FGM Monthly Article – July 2021

GEMA Women Demand Outlawing of ‘Gwata Ndai’ Sect After Forced Circumcision of Murang’a Woman By John Wanjohi  7/7/2021 Mwakilishi.com  The Gikuyu, Embu, Meru Association (GEMA) Women Council of Elders has called for action over the rising cases of female genital mutilation (FGM) in the Mount Kenya region. The council, in a petition to Interior CS Fred Matiang’i, asked the government to deregister and outlaw a traditional group dubbed Gwata Ndai for promoting gender-based violence practices such as female circumcision within the family setups. “We call upon all women and girls to resist these backward practices that hinder human development. All women including faith-based, business and civic groups must stand up and sacrifice to protect fellow women, daughters, and mothers from abuse and human rights violations,” the lobby group said. “We call upon women at the grassroots to strongly reject FGM, seek help when they see signs of GBV and FGM in the home, call for help, and run away.” Led by Kabura Kabea, June Waweru, and Hellen Kurutu the council further urged the judiciary to ensure perpetrators of such offenses are thoroughly punished. The lobby strongly condemned an incident where a woman in Kandara, Murang’a County was forced to undergo the cut by her husband. 30-year-old Hellen Wangui last week painfully narrated how her husband colluded with his ‘friends’ to circumcise her by force. Wangui said her husband of 12 years joined a secret Kikuyu sect a few months ago and was asked to perform a ritual where he slaughtered a sheep in the company of other members, after which he demanded that she and her two young daughters undergo female circumcision as the faith does not allow men to live with uncircumcised women in the same house. Her husband ambushed her on the night of June 9th in the company of 30 other men where they stripped her naked and cut off her private parts in the cruelest way. “He came with other men who caught me by the neck, stripped me then began pricking me with needles on my private parts. They used their nails, a knife to cut off my private parts,” Wangui recounted. “They said they want to circumcise me so that I can become a ‘complete woman’ as per their practices.” The mother of two sought treatment at Murang’a Level 5 Hospital after sustaining serious injuries on her...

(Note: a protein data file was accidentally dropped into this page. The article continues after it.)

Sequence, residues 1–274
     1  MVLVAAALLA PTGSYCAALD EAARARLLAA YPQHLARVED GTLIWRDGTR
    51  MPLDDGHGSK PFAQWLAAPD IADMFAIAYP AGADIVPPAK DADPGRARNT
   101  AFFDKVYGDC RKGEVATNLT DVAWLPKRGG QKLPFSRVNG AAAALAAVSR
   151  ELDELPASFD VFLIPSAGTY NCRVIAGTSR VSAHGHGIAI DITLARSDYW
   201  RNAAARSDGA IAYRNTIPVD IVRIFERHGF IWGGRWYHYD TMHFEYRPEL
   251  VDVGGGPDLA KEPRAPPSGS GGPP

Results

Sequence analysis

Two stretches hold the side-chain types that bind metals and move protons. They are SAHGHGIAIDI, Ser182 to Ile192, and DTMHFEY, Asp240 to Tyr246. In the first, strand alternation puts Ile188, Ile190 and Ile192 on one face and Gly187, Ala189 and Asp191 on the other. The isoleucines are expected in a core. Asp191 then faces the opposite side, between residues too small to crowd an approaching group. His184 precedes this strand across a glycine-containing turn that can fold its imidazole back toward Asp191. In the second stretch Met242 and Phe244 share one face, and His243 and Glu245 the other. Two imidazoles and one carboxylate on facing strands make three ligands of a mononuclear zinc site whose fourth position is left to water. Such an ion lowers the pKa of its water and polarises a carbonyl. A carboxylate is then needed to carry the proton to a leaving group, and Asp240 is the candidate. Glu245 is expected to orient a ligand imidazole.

Read More

Dealing With Substance Abuse

Substance abuse differs from addiction. Many people with substance abuse problems are able to quit or can change their unhealthy behavior. Addiction, on the other hand, is a disease. It means you can’t stop using even when your condition causes you harm. Many people, but not all, start using a drug or first engage in an activity voluntarily. However, addiction can take over and reduce self-control. Being in school poses a challenge for many students. They have so many emotions to deal with and process. Most of them struggle with everyday issues, some have coping mechanisms, but most don’t. The students have many subjects to deal with, and minimal time to handle them all. Waking up at 4am, getting very few breaks in-between, and going to bed after 11pm can be draining for anyone. Many of these children are traumatized by life situations that they have not been able to deal with, and have, therefore, not received recovery. There is a strong link between childhood trauma and addiction. Most of the children who are addicted to drugs and or alcohol will report to being abused as children. The war on drugs is often a war on traumatized people that just need help. Talking to the girls at the Choice Club mentorship program brought many of the above facts to light. The girls all know of a friend who abuses drugs and the toll it has taken on their lives. One girl said that her friend who was very bright in school suddenly started abusing alcohol after her parents separated. She did not know how to cope with the situation, and she was initially not able to share her emotions with anyone. She became a loner, was easily irritable, and not long after she started running away from school and hanging out with the wrong crowds. It took the intervention of the guidance and counselling team at the school to bring her back to her senses. She learnt to open up, share what she was going through, and eventually received the help she needed through counselling. Helping the students learn the dangers that drugs pose is easier than having to deal with the consequences of drug addiction. When a child or anyone in a family abuses drugs, the whole family suffers, and more so in a school set up. We teach the students to create a life in and out...